ˇ@ˇ@Labor laws provide two kinds of protection for women in the workplace. The first is the principle of anti-discrimination, which describes the ideal of equal opportunity and equal pay for the same job. The second set of laws is maternity protection, including adjusting the working conditions (hours, job content) for a pregnant woman. The laws also cover maternity leave and child care. However, in reality, there is discrimination in different occupations. One of the most notorious practices is the so-called "contract for single female employee" or "article of forbidden bearing", that is, forcing female employees to quit "voluntarily" after getting married or pregnant.
- Gender Equity in the Workplace
ˇ@ˇ@Why are the current laws not effective in protecting female workers? The reasons are as follows.
ˇ@ˇ@ In 1984, when the Standards for Labor Work was first enacted, only limited occupations were affected. The banking, service and commercial areas for example were outside the reach of this law. ˇ@ These fields in specific are heavily populated with women workers, but men and women employees had no access to this law. The reach of this law has expanded. By the end of 1998, workers in many occupations will enjoy the protection of this law.
- Limited application of the law
ˇ@ˇ@If an employer writes a contract of "married and quit", the government can only fine him a one-time ever charge of NT 3,000. Therefore the fine is meaningless to employers. Besides, the related acts or laws don't regulate concretely what discrimination is, thus the employers easily avoid punishment.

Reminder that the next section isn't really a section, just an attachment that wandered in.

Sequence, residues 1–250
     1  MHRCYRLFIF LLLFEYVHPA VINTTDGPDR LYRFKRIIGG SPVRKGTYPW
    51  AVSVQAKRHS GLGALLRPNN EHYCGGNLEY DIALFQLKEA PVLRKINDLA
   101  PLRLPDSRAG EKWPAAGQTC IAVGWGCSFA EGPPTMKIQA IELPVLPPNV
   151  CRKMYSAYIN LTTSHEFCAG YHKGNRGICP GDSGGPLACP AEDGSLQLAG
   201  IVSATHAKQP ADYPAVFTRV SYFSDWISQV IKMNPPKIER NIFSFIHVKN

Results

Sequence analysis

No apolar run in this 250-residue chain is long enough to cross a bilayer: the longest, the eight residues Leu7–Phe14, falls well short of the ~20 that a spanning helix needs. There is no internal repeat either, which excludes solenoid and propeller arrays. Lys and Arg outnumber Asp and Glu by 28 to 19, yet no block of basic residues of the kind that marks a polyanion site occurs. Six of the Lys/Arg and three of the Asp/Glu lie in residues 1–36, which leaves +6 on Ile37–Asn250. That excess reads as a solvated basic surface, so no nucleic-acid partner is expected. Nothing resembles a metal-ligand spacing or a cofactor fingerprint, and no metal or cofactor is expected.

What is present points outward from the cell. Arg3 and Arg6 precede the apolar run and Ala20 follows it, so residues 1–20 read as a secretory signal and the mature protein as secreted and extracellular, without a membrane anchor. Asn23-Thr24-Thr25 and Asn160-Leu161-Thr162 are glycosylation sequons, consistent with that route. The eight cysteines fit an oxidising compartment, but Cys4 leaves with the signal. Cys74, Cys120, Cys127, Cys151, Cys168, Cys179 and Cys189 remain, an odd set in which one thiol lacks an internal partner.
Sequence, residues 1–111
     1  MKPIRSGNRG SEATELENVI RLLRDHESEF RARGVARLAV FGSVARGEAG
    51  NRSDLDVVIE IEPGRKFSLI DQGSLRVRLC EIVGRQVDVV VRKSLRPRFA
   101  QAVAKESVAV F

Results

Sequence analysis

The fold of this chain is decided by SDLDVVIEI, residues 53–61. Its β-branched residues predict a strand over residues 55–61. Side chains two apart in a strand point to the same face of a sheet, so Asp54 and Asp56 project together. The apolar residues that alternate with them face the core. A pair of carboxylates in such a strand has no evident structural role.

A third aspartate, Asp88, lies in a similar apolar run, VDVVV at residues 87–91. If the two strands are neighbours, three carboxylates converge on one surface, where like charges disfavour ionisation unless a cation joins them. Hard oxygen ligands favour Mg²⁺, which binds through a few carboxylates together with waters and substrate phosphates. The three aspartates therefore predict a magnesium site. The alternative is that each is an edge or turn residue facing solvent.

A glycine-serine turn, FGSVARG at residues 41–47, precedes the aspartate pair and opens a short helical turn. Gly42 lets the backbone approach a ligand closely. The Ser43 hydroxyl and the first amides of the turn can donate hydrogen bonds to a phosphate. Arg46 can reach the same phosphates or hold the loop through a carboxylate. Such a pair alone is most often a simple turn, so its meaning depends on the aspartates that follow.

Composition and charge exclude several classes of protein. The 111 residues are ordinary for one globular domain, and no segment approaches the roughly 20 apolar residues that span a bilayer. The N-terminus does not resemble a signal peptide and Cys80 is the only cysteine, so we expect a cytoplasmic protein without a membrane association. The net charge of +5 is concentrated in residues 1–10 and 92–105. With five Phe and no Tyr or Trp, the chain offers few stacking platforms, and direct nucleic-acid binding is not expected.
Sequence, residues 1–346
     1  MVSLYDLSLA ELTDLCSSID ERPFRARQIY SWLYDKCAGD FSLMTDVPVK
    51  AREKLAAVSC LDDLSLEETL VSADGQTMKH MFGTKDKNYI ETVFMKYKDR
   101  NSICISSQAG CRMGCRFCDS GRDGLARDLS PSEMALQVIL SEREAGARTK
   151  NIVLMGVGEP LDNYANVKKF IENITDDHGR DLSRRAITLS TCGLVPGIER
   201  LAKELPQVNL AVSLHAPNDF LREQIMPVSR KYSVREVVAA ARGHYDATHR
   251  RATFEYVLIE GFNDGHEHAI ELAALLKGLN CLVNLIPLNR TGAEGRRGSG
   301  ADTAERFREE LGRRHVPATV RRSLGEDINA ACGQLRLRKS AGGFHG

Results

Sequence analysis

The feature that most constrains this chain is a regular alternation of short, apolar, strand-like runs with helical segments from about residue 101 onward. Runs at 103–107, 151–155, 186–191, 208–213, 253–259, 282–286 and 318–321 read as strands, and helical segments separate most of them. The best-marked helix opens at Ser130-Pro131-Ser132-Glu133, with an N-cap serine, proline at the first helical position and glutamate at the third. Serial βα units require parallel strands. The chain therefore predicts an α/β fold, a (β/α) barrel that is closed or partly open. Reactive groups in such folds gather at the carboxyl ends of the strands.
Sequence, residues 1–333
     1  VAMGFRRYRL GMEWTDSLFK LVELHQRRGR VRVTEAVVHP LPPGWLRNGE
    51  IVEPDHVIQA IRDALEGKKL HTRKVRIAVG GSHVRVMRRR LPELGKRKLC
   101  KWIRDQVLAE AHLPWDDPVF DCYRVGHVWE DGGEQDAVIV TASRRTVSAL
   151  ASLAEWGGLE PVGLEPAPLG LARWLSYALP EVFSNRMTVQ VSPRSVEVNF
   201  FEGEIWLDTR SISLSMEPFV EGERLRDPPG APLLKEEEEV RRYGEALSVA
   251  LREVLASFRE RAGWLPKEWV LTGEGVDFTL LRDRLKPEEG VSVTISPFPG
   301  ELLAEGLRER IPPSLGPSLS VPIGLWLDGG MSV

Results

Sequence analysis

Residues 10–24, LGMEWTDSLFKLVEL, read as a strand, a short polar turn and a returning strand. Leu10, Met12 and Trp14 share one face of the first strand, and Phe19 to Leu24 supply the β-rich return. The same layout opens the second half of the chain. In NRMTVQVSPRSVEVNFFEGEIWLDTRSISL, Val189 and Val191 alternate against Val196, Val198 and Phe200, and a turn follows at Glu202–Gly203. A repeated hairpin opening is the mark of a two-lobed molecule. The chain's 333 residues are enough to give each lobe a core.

- The article to fine is too general and powerless
ˇ@ˇ@As mentioned above, maternity protection is ineffective. ˇ@ According to national statistics, 50% of the women between 15 to 64 have quit a job at least once, and about a third of them resigned right after giving birth (Table 14). ˇ@ Caring for a family is usually the primary reason for interrupting a woman's career. (Table 13) Childcare is a heavy financial burden for women such that women often choose to forgo their careers.
- The Incompleteness of Maternity Protection
ˇ@ˇ@If a woman continues working after starting a family, the workplace offers little support. Only the government and a few private companies provide maternity leave and maternity leave usually deters a woman's promotion. Day care centers and associated child care services are sparse and expensive, increasing the stress as a woman juggles a career and family responsibilities.
Action Took for the Protection of Abused Womenˇ@ˇ@The grassroots movement and the women's movement have been working for a long time to increase abused women's protection under the law. However, resistance from two sources stalled efforts. In addition to resistance resulting from patriarchal views, different opinions inside the legal profession also hindered the process. The basic disagreement is whether a special law is necessary to protect abused women. Some legal experts insist that modifying the original laws is enough and won't make the system chaotic, while others insist a new law is needed immediately. Despite this resistance, the Act of Prevention and Treatment for Sexual Assault Problem passed in the end of 1996. The Act of Domestic Violence and the Act of Gender Equality in Work are still pending.
The Report on Women's Status in Taiwan, 1998 Health Working Status Population and Family Welfare Resources Education Physical Safety Political Involvement Legal Status Statistics Related to the Women's Status Report
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updated : 1998.10.27